Mermaids, Casks and Broken Teeth

redthumb.JPG
From Vancouver in Canada we have a couple releases described as ‘experimental noise works’ and attributed to Absolute Value of Noise. On Magnetic Focus, we have eight recordings based around a wire coil antenna and a receiver, picking up VLF frequencies generated by lighting, power lines, mobile phones and computers. Am I imagining things, or didn’t Disinformation explore this possibility quite thoroughly in the mid-1990s? Joe Banks arguably ended up with more powerful recordings than this Canadian project, but there is still a very good mesmeric charm to these inert buzzing snakes of electricity uncoiling in their slow, purposeless manner. The impossible image on the foldout cover is by Uskalla, proposing something halfway between performance art and urban installation (and perhaps enhanced in Photoshop also). If you require something even more preposterous, play The Laughing Dress, a collaboration between this project and Lori Weidenhammer. This recording, again sitting somewhere in the interstices between performance art, poetry and dramatic recit, depicts episodes in the life of a mermaid called Melusine. And uses sounds derived from her gigantic scaly dress, which was constructed especially for the occasion with the help of Canada’s Council for the Arts, who sponsored the video version of this work. The oceanic backdrop sounds on this one are pretty compelling, but I found Lori’s solemn and symbol-laden intoning pretty tough to sit through.

Quite nice guitar playing on the resonator guitar from Music For One (i.e. Canadian player Sherry Ostapovitch), on a CD called The Red Thumb (PERENNIAL SOUNDS PS001). It arrives in a sumptuous handmade art package printed (perhaps with linocuts, or very chunky screenprinting) on tactile art paper. I’m interested to note that Sherry has played with English improvisers Lol Coxhill, Steve Noble and John Edwards. And one of her track titles, ‘Circadian Rhythms’, matches the name of a 1970s INCUS LP. There is certainly an open-endedness to her style that might fit nicely alongside the work of those free players, although her sound is so gentle you wonder how she competes with the barking sax of Edwards when he’s in full mad-dog mode. So far I don’t detect any self-conscious nods in the direction of John Fahey either, which I must certainly reckon as a positive boon. Her playing method derives from natural rhythms of the human body, a strategy which aligns her with Pauline Oliveros, Rev Dwight Frizzell, Evan Parker, Dave Knott, and many others.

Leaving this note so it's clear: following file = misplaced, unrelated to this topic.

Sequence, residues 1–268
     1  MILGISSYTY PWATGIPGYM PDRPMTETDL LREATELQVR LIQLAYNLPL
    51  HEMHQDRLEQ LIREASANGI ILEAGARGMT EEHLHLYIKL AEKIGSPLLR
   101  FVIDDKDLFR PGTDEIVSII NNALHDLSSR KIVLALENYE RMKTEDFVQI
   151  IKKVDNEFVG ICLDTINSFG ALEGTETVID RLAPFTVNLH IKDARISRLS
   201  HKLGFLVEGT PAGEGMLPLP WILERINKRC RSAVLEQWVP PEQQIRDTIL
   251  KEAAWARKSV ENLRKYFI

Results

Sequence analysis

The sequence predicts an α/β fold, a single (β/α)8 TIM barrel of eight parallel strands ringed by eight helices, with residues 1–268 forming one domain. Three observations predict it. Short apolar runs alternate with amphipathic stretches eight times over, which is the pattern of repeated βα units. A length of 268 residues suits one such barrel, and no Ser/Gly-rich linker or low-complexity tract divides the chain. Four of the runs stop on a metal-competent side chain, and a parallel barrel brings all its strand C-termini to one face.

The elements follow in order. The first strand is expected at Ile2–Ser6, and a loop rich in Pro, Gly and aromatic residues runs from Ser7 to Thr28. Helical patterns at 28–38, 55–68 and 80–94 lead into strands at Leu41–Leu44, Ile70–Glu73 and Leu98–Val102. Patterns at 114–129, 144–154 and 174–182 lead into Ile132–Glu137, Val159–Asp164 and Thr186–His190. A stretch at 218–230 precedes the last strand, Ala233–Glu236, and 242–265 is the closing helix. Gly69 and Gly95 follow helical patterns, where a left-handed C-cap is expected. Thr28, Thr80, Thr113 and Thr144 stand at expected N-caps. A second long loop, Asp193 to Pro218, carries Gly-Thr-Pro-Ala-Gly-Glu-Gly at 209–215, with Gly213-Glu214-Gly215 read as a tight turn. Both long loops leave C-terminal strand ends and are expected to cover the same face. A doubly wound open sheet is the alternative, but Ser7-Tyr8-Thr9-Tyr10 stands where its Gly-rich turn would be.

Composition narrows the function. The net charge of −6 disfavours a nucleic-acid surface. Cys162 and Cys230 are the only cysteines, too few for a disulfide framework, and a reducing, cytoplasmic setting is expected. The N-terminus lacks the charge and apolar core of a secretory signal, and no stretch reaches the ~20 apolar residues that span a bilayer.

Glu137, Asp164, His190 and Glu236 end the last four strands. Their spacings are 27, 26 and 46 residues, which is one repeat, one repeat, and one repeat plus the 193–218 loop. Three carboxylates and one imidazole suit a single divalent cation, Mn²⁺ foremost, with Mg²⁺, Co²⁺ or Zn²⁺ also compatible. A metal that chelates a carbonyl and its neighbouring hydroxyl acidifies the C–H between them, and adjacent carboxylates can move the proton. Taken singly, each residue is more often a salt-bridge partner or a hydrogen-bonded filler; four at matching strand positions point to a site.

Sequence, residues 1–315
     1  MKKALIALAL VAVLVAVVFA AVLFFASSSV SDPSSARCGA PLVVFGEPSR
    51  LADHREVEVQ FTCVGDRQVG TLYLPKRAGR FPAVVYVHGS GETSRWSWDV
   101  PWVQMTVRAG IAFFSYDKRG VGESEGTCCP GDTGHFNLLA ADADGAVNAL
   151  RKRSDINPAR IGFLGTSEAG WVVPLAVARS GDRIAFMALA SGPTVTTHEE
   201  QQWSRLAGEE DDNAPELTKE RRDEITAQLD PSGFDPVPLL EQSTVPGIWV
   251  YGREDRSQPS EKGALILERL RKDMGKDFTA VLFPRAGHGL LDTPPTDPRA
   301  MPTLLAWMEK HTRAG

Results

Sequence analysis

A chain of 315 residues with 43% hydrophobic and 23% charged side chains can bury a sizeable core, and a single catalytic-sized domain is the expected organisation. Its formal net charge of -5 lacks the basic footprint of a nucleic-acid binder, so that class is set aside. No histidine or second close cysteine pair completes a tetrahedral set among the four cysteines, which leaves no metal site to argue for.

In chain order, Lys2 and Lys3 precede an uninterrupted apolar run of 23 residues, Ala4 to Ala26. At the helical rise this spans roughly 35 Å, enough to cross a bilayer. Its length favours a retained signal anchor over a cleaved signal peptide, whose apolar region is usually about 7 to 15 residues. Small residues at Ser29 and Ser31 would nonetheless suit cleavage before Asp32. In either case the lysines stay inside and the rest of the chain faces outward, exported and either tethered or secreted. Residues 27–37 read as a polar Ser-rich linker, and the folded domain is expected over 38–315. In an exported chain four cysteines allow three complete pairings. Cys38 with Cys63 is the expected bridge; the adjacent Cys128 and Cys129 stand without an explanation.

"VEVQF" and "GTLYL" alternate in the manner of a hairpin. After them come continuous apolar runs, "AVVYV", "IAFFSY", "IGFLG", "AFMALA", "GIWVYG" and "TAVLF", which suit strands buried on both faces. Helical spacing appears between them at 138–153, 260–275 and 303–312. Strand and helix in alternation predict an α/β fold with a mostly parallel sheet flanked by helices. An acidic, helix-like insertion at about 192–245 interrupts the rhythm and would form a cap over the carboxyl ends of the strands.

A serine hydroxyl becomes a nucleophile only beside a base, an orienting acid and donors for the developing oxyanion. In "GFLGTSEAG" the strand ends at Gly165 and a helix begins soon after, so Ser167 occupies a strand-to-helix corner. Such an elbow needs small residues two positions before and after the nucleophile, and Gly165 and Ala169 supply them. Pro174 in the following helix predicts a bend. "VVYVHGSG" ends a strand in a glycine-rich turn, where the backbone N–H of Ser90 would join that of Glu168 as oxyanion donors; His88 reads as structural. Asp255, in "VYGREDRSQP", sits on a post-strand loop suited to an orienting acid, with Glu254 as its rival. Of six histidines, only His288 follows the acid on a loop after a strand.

An insanely reduced piece of minimalism is this from Ibitsu, called Foolproof Betters Fools Bettering Foolproof (EDITIONS MEGO DEMEGO005). Even at peak volume, I can’t hear anything going on for 24 minutes apart from a vague, muffled murmer which might be a midget walled up inside a cupboard next door and struggling to free himself from his bonds of leather. ‘Demands total attention,’ we are informed, ‘as well as playback on correct speaker systems’. Hmm. How are we to know if they are correct? This oddity comes from somewhere in Japan, and is decorated with numerous mysterious images of casks on the cover. An empty barrel makes the most noise…or in this case, no noise at all.

Oldman‘s Two Heads Bis Bis (LOW IMPEDANCE RECORDINGS LOZ 14) is a lugubrious affair sent here from Greece. Charles-Eric Charrier performs here with the help of drummer Ronan Benoit, and others, and a thoroughly deconstructed rock record is arrived at through the use of bass and electric guitars, many layers of samples and voice recordings, and a determination to keep everything even more sluggish than a record by Les Rallizes Denudes. The drumming is so loose and all over-the-shop that it appears to have been recorded on another planet. In these dense constructs, Charrier is also attempting to layer in fragmented narrative elements to produce some form of twisted poetry, a twisted fairy story, and images of alchemical processes we can grasp at. The gatefold package for this one is extremely powerful, an all-black foldout affair with clear-ink overprinting to conceal graphically strong, linear images packed with strange symbols, urban scapes, and severe weather effects.

One comment

  1. “You couldn’t hear anything on the ibitsu?”, writes Peter Rehberg, electronic musician and label boss of Editions Mego. “There is loads on there!” he assures me. Suitably chastened, I went back to this record for another playback on better speakers (and headphones too). It is indeed charged with gently-purring vibrational throbs and high-pitched whines, which ebb and flow in a strange fluctuating manner. With headphones, you will feel like victim of giant wasp attack in your skull. In speaker mode, this record will alter the atmosphere of your room in subtle yet effective ways.

Leave a Reply

Your email address will not be published. Required fields are marked *